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RL Buller Logo

RL Buller

Rutherglen, Australia
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Andrew Buller was born in Rutherglen, the youngest of three sons. Graduating from Roseworthy College in 1981, he gained valuable work experience at Corbans in Gisborne, NZ. And by working harvests at the Leasingham Wine Company. His first success came early with a gold medal at the Rutherglen Wine show for his Vintage Port. Not letting early success go to his head, he continued to gain valuable experience throughout the 1980s by traveling Europe between vintages at Rutherglen. He has worked four vintages with Taylors in Portugal, the famous Port producer, and one in Beaujolais and visiting the wine regions of Spain, France, and Germany.

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Today Andrew is winemaker/manager of RL Buller & Son's Rutherglen vineyard and winery operation. He is a member of the Winemaker's of Rutherglen, the Rutherglen Muscat Network, the Rutherglen export group, and the Vignerons Association. Since 1921, the Buller family has produced heavyweight Muscats from their "Calliope" Vineyard - using the age-old techniques of basket presses and open fermenters to make the Muscats they call their "sleeping giant". Found 4km east of Rutherglen, this non-irrigated vineyard is 32 Ha and is the source of the most premium Muscats and Tokays from RL Buller.

The vineyard, situated 450 feet above sea-level, has a hot climate, continental, sunny, and moderately arid with little humidity. An average rainfall of 583 m, just over 3/4 of which falls between April and September. Temperatures range from 10 degrees C - 35 degrees C with a mean January temperature of 22.7IC. The alluvial flats with gentle slopes and hard red duplex overlaying yellow-grey clay are typical of the Rutherglen region.

Here's what renowned wine critics have to say about his wines. "No other wine can rival these wines for sheer complexity, decadence in flavor, and hedonistic, please." Robert Parker, Wine Advocate "Remarkably, virtually every observer I have ever spoken to or read pays unstinting homage to the Muscats and Tokays of North East Victoria. These are wines of superb quality; they are a unique style among the world's great fortified wines; and they are enormously, indeed dangerously enjoyable."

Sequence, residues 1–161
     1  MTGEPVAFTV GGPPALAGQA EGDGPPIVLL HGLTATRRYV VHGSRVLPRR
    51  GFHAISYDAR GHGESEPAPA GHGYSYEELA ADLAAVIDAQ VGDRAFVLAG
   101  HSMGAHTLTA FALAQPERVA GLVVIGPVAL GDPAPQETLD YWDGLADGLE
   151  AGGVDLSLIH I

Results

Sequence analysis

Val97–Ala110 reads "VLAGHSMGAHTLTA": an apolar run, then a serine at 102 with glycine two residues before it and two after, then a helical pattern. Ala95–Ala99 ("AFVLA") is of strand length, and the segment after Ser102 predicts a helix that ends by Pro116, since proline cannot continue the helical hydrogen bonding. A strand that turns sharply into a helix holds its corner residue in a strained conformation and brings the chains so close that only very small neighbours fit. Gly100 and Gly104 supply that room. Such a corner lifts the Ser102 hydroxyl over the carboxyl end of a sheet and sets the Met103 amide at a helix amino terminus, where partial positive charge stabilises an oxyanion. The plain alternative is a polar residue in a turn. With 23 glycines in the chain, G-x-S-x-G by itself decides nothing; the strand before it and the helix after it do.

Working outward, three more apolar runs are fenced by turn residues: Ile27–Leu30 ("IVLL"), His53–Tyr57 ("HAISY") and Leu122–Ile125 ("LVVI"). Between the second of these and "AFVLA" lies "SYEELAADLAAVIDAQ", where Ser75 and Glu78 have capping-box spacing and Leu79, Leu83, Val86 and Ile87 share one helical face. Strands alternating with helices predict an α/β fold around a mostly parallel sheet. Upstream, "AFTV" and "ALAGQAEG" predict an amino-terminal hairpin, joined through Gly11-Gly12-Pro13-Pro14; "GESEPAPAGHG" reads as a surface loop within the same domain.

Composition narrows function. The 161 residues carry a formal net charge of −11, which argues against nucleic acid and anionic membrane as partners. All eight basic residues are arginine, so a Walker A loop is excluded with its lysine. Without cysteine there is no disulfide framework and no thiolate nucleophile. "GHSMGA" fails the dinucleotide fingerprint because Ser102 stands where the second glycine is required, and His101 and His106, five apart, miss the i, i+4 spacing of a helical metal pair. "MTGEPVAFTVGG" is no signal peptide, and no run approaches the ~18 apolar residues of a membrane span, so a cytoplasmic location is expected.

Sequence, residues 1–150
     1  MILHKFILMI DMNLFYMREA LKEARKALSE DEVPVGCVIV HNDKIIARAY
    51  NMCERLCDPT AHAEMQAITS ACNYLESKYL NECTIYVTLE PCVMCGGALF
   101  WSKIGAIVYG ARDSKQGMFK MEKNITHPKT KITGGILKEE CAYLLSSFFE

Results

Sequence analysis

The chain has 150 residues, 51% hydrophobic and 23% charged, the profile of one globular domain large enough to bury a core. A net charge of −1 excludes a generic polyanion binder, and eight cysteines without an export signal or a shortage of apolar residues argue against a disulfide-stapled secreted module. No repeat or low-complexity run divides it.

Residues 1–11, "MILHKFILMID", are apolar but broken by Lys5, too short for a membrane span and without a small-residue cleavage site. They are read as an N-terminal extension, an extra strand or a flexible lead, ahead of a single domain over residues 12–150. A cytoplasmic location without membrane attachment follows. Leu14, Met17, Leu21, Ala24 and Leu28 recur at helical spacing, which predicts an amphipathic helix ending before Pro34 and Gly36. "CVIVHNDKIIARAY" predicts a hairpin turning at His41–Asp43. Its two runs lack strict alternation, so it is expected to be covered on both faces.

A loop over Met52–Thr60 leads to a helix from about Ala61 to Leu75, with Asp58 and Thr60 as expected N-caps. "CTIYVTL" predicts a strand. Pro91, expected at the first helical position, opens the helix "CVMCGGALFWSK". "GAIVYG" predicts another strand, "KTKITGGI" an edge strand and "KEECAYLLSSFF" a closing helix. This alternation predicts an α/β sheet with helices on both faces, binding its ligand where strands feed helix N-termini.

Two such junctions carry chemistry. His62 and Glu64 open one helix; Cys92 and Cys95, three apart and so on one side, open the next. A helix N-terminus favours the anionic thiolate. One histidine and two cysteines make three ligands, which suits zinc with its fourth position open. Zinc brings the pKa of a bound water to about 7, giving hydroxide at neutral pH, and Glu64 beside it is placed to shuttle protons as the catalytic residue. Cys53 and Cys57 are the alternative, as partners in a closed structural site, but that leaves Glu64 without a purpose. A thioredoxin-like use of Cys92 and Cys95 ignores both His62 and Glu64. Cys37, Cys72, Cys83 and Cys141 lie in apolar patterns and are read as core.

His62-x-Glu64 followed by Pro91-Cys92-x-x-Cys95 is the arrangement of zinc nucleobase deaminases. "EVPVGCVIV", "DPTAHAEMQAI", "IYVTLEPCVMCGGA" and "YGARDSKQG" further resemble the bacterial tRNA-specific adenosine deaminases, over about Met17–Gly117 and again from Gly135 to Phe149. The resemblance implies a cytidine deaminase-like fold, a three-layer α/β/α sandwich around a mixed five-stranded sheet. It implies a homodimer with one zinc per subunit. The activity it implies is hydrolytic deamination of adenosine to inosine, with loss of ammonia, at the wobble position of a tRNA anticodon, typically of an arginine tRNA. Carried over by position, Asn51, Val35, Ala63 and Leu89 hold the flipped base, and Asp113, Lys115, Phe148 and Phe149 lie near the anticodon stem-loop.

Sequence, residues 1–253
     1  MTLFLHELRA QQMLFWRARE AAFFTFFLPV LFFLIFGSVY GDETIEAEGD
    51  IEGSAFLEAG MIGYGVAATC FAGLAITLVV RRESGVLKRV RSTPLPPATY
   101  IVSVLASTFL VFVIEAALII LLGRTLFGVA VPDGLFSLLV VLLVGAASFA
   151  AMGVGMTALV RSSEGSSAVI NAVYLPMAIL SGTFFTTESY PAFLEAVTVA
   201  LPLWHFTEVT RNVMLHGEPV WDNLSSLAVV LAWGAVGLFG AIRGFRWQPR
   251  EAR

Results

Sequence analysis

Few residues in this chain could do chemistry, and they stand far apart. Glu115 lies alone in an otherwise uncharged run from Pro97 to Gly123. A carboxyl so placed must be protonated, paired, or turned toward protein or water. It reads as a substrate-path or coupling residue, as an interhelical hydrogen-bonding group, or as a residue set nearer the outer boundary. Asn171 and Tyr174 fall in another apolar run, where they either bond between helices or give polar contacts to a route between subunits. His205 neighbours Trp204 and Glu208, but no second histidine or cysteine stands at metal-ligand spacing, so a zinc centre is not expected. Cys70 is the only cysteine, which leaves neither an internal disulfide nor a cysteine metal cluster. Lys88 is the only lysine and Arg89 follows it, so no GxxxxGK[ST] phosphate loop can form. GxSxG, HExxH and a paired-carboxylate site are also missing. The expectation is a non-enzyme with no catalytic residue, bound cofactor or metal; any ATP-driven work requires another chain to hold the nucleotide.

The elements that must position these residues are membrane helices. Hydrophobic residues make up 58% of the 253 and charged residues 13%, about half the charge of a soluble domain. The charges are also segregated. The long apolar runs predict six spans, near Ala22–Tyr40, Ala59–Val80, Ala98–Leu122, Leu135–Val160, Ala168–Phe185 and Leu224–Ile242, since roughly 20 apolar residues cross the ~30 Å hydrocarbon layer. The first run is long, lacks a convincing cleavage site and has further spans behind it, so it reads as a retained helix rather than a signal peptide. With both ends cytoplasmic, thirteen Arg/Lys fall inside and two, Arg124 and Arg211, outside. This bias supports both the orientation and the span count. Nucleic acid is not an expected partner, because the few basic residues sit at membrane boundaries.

James Halliday, Australian Wine Atlas. Since the first grapes were harvested at Rutherglen in the 1850s, connoisseurs of fine fortified wines in Australia and the United Kingdom have recognized the region's Muscats as wines of unsurpassed richness. Today, wine merchants, writers, and consumers worldwide acclaim the fortified Muscats of Rutherglen as truly the world's richest wines. The Muscats of Rutherglen are a unique product of the region's winemakers' climate, soil, and skill. On the gently undulating country around Rutherglen's township in North East Victoria, in the southeast corner of the Australia, Brown Muscat (or Muscat a petit grains Rouge) grapes ripen into raisined berries high in natural sugars.

The region's winemakers extract wines of extraordinary power, complexity, and depth of flavor from these grapes. We make every wine in keeping with the individual, and distinctive "house" styles of Rutherglen Muscat developed over the years by each estate. The art of making, blending, and maturing Rutherglen Muscat has been perfected over many generations – of ten through long-held family traditions passed down from one generation to the next.

The amazing complexity of Rutherglen Muscat begins in the vineyard. The vignerons draw on a diverse range of vineyards across the district. Taking young, fruity material from ten-year-old Muscat vines, or wonderfully mellow fruit from low-yielding dryland vines of 40, 60, or even 80 years old, to bolster their blends with Muscat of precisely the required richness for each. The Rutherglen vignerons have learned exactly how to extract the very best from their Muscat grapes. Picking one block of vines early, managing the yields of another through selective pruning, or leaving another block of vines to mature long into autumn to gain maximum sugar and flavor.

Muscat production is not for the faint-hearted. The vignerons must leave the grapes to desiccate on the vine for as long as possible – risking spoilage by early autumn rains. However, their rich harvest is well worth the wait.